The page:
In vitro evaluation of fibrolytic enzymes as additives for maize (Zea mays L.) silage - III. Comparison of enzymes derived from psychrophilic, mesophilic or thermophilic sources
Colombatto, D., Mould, F. L., Bhat, M. K., Phipps, R. H. and Owen, E. (2004) In vitro evaluation of fibrolytic enzymes as additives for maize (Zea mays L.) silage - III. Comparison of enzymes derived from psychrophilic, mesophilic or thermophilic sources. Animal Feed Science and Technology, 111 (1-4). pp. 145-159. ISSN 0377-8401
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To link to this article DOI: 10.1016/j.anifeedsci.2003.08.012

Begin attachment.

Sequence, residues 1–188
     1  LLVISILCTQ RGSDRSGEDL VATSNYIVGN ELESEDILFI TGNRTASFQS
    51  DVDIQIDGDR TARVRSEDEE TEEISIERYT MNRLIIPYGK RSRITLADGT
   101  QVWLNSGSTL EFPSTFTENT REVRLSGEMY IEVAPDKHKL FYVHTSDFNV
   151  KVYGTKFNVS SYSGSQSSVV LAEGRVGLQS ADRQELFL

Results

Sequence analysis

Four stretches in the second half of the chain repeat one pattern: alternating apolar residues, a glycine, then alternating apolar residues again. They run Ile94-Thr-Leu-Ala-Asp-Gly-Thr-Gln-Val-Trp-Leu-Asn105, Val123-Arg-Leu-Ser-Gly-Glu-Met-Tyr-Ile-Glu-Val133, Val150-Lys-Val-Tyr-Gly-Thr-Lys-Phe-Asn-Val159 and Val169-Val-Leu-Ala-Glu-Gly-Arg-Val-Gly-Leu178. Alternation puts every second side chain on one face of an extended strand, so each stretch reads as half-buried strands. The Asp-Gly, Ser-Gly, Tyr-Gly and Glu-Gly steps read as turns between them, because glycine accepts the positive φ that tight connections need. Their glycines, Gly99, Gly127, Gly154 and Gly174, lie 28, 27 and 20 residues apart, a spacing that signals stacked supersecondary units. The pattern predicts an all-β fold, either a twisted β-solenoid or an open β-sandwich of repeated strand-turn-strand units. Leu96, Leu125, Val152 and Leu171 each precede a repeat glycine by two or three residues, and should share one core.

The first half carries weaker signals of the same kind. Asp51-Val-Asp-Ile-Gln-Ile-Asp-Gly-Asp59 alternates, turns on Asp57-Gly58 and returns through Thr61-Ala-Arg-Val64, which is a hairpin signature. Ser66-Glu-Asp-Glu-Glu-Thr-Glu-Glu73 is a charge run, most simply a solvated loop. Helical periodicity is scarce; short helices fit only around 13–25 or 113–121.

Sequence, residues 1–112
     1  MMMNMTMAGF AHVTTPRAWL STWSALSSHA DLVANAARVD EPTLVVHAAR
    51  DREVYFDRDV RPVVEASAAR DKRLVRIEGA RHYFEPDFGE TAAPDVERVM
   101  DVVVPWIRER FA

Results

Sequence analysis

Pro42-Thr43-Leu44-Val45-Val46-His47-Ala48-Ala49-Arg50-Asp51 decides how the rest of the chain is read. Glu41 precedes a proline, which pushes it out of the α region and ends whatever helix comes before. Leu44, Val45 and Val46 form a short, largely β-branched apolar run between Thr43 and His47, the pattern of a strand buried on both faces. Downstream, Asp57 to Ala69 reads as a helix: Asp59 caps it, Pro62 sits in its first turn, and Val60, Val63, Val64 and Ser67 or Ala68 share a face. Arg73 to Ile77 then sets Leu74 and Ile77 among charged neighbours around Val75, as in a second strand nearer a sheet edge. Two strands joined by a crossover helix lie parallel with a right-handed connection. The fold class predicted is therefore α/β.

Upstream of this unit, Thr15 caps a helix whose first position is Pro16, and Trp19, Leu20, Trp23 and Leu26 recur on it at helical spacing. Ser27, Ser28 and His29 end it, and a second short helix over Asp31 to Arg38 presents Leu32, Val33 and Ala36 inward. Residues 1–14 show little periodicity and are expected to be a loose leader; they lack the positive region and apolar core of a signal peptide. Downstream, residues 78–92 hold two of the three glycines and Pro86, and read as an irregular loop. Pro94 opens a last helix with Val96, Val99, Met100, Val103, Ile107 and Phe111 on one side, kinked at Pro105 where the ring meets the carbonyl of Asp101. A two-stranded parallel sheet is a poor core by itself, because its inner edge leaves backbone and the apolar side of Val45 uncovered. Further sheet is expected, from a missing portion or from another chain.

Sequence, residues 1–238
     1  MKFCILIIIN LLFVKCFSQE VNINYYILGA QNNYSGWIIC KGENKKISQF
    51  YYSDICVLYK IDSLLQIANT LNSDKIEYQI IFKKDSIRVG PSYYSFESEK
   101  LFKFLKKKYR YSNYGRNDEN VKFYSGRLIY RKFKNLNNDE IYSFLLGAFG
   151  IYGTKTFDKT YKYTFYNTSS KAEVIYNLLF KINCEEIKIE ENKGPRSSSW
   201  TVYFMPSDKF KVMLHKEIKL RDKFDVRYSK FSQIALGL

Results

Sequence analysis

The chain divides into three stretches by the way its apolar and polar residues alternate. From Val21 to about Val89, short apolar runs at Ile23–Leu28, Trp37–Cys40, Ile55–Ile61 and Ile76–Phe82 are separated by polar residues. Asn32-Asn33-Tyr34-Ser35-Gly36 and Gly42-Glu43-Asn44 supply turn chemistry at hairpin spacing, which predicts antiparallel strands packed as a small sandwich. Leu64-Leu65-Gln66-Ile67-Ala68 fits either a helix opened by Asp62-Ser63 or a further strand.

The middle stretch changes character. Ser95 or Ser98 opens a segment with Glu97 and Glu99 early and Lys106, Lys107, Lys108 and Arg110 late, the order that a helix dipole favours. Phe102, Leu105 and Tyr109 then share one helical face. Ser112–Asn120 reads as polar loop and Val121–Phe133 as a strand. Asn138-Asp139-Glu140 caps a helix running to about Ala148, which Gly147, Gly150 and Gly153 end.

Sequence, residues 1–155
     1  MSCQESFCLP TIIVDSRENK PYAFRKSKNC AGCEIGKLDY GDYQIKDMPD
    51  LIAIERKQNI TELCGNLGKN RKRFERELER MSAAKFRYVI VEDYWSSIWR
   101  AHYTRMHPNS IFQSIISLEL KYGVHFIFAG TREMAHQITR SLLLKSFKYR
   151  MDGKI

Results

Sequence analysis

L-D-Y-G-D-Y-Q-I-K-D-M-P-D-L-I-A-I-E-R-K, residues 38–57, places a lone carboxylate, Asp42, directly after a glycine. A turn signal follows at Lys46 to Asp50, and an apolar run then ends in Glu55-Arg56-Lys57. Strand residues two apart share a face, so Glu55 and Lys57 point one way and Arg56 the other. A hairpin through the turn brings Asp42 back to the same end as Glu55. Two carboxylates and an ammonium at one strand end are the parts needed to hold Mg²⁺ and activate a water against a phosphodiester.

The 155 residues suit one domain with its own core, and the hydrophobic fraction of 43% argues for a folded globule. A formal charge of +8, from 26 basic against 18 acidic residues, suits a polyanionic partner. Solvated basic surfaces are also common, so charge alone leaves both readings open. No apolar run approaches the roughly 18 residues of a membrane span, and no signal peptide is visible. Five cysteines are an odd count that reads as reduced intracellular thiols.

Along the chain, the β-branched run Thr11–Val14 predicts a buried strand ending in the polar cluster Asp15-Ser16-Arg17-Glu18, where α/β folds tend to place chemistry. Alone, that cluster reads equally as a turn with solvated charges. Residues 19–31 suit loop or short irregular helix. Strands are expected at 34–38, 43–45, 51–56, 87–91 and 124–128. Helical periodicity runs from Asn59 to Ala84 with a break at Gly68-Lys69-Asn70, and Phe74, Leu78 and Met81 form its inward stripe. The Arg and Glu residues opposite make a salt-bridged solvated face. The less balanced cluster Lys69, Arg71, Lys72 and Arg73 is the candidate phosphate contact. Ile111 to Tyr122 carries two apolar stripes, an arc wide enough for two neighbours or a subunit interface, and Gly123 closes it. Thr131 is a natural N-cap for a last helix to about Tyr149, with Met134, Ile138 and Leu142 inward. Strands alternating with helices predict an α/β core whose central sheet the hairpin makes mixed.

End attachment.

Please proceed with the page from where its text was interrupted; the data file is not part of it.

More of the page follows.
A completely randomised study was completed to examine the influence of fibrolytic enzymes derived from psychrophilic, (F), mesophilic, (L) or thermophilic (Ta) sources, applied at ensiling, on the chemical characteristics and in vitro rumen fermentation of maize silage, assessed using the Reading Pressure Technique (RPT). Treatments, all in triplicate, consisted of untreated maize forage or treated with preparations F, L, Ta or a mixture (1: 1, v/v) of F and L (FL), at two levels each, and ensiled for 210 days in plastic mini-silos. Addition of enzymes L decreased (P < 0.05) silage pH relative to the control, whereas enzyme Ta tended (P < 0.10) to reduce it. Preparations F, L and Ta tended to reduce (P < 0.10) the fibre contents of the silages, with effects being attributable to a decrease in the cellulose fraction. Starch contents were reduced (P < 0.05) in the treatments including enzyme F. End-point (96 h) gas production (GP) values did not differ among treatments, suggesting that enzymes did not change the total amount of fermentable substrate. However, consistent with the decrease in starch contents, adding enzyme F reduced (P < 0.05) GP at most incubation times. Addition of enzymes increased (P < 0.05) the initial (6 h) organic matter degradation (OMD) levels in all but one treatment (F), with increases of 14, 19, and 26% for preparations L, Ta, and FL, respectively, averaged across levels. Furthermore, the addition of enzymes increased (P < 0.05) the soluble OM losses, however, these increases did not fully account for the initial increase in OMD. The latter suggests that enzymes increased solubility and also altered silage structure, making it more amenable to degradation by ruminal microorganisms. As a result of the increase in OMD, without a concomitant increase in GP, the fermentation efficiency was greatly increased (P < 0.05) in enzyme treatments. Addition of enzymes to maize at ensiling, particularly those from the mesophilic and thermophilic sources used here, have the potential to increase the initial rate of silage OMD. (C) 2003 Elsevier B.V. All rights reserved.
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